Association of Nature and Forest Therapy Guides and Programs
Can I say something to feel complete?
During our graduation call, Nadine asked our group to envision our experience of becoming a guide like many droplets of water on a silver spider web, lit up by the sun. We were asked to choose one droplet to talk about but we all had So. Many. Droplets. One droplet that came to mind for me is a moment during the training in Victoria, British Columbia (May of 2019) where, after a few days of walking in the forest, our guide Ken began the walk in an open, sunny meadow. It was early May and the sun was very welcomed. During Pleasures of Presence we were invited to put our hands on the Earth. I am pretty sure a few more invitations followed, but on that particular day, I took the word invitation to heart and did not move my hands from that soft, green clover. It was so soft and inviting and it felt so grounding to my whole body to have my hands resting and still on the ground.
— Read on www.natureandforesttherapy.org/posts/to-know-a-place
Enhance your employee wellness program with Guided Forest Therapy.
Guided Forest Therapy is a fast-growing wellness activity that is convenient and highly recommended.
Our guide, Lance, was great! The hike was very relaxing, and I recommend everyone try it. Lance led us on a short hike while inviting us to reflect with nature. A great way to relax on a Saturday morning.
What is Guided Forest Therapy?
The application of Japanese Shinrin Yoku aspects combined with traditional practices to create a unique experience in nature.
Our certified Forest Therapy Guides use the approach that the forest is the therapist. As guides they seek to open the door to invite you into the process.
Guided Forest Therapy sessions are available in monthly 2-hour blocks. Your team members can take these sessions and you can also choose to schedule groups for team building workshops and retreats.
Awesome experience to slow down and take a break from life. The guide was very accommodating and welcoming to the whole experience. You will not regret taking a couple hours off with Lance because you will be immersed in nature with serenity and newfound strength.
Available venues include the Walnut Creek Community Regional Park, The Los Angeles Arboretum, and Monrovia Canyon Park. For additional locations or if you have a location you would like to schedule a walk in please contact 626 263-1983.
2-hour sessions can be scheduled monthly by appointment for up to 12 people. To inquire about scheduling team building workshops or retreats, email email@example.com
Suzanne Bartlett Hackenmiller, M.D., ANFT Medical Advisor and Certified Forest Therapy Guide, talks about her new book, “The Outdoor Adventurer’s Guide to Forest Bathing” and other forest bathing projects on Talk of Iowa.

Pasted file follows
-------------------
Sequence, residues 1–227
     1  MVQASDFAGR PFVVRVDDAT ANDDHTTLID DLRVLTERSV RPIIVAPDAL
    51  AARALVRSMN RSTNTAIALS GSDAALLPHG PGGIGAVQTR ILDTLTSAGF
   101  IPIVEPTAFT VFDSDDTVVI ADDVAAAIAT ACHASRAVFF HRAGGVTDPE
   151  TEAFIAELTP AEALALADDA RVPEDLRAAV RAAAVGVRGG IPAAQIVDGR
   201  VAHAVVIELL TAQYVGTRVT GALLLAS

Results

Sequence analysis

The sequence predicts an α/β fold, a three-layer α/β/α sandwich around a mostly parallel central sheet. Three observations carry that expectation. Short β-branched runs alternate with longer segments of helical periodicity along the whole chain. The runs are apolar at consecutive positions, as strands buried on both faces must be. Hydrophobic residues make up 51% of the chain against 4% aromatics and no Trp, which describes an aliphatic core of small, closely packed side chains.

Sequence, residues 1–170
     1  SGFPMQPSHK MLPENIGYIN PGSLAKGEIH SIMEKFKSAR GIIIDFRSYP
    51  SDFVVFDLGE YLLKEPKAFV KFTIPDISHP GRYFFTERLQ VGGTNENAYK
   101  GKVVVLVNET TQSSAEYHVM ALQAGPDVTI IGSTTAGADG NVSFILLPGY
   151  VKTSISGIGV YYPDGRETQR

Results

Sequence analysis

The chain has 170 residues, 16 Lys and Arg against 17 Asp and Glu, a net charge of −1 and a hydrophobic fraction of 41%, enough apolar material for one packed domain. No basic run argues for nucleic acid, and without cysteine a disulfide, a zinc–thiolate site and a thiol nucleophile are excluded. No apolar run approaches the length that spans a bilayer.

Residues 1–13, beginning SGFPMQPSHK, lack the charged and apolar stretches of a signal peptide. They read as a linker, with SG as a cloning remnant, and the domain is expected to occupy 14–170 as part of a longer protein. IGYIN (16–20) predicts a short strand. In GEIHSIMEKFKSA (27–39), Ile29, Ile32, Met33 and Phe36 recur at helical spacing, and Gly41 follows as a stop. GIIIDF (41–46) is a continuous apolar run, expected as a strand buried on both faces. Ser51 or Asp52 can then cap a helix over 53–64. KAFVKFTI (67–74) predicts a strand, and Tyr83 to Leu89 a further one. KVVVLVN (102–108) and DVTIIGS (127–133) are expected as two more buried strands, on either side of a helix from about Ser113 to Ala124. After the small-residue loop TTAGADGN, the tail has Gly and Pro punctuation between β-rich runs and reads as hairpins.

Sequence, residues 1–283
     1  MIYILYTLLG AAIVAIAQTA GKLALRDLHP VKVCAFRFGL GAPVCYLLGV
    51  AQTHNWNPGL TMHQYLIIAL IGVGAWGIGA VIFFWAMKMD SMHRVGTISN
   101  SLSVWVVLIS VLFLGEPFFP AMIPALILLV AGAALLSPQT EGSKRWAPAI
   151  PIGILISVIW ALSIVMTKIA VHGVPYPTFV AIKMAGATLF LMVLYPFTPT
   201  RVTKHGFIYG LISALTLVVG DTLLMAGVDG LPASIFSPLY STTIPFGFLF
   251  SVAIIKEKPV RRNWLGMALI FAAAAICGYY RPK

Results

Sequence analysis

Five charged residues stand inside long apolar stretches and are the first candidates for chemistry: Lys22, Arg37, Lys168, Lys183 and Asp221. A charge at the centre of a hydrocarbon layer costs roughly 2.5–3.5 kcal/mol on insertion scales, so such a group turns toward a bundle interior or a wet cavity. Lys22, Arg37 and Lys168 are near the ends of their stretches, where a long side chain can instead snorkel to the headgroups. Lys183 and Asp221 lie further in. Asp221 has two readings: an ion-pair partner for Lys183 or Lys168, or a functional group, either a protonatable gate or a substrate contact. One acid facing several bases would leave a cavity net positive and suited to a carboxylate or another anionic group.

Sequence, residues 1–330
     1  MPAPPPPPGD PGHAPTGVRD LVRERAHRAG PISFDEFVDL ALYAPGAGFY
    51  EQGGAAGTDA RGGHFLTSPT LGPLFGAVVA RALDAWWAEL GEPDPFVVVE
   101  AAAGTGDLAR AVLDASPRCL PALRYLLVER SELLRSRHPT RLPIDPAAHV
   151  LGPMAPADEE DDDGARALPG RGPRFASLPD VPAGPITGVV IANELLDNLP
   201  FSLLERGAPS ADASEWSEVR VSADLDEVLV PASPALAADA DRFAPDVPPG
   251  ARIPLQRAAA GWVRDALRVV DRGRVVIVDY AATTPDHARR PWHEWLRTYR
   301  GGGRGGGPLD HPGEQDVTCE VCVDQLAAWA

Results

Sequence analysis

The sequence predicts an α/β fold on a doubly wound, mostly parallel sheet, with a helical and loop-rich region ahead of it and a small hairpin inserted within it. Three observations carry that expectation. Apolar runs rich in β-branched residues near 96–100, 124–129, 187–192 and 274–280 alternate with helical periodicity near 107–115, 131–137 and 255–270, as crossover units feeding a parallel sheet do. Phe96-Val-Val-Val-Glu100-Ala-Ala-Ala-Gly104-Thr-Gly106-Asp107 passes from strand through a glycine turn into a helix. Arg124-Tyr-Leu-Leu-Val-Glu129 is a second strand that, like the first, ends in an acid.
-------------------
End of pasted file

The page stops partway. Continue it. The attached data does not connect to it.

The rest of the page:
CONNECTING TO NATURE Shinrin-Yoku (Forest Bathing), Therapeutic Onsens and Yummy Shojin Ryori Vegan Temple Food
Japan’s deep reverence for nature also acts as preventative healthcare. For example, forest bathing began in 1982 with a Japanese national health program. Coordinated by the Forest Therapy Society, there are now 62 ofcial healing forests and 1,200 certified guides, with over 2.5 million people walking the healing forest trails in 2018.14 Studies support the breadth of health benefits of connecting all five senses to nature, from reduced blood pressure, lower stress and improved cardiovascular and metabolic health to lower blood-sugar levels and improved concentration, memory and energy.15, 16, 17 The phytoncide in cedar and cypress has been shown to have calming effects on people, as well as providing a boost to the immune system, with one study having shown a 53 percent increase in the count of the body’s natural killer cells after two days in these forests.
PETER EADON-CLARKE Advisor, Conceptasia Inc.
Dr. Qing Li of the Nippon Medical School in Tokyo and president of the Forest Therapy Society, who also spoke at the 2019 GWS, notes that we spend 93 percent of our time indoors, leading to a nature-deficit disorder. As the inbound tourism boom is discovering, Japan has an incredible wealth of natural assets to facilitate recovery: in addition to the 62 healing forests, there are 20,972 onsens (hot springs), two-thirds of the global total, providing a rustic, authentic, and hyper-specific wellness experience. In addition to the medicinal benefits of the various minerals in the water, deep-soaking bathing has thermotherapeutic effects (a higher body temperature stretches capillaries improving circulation, increasing metabolism and reducing fatigue), water pressure effects (improving the flow of your blood and lymph fluid) and buoyancy effects. The latter, by reducing the body’s weight to one-tenth of what it normally is,
PETER EADON-CLARKE Advisor, Conceptasia Inc.
The Association of Nature and Forest Therapy Guides and Programs ANFT, has certified 800 guides in 44 countries to date.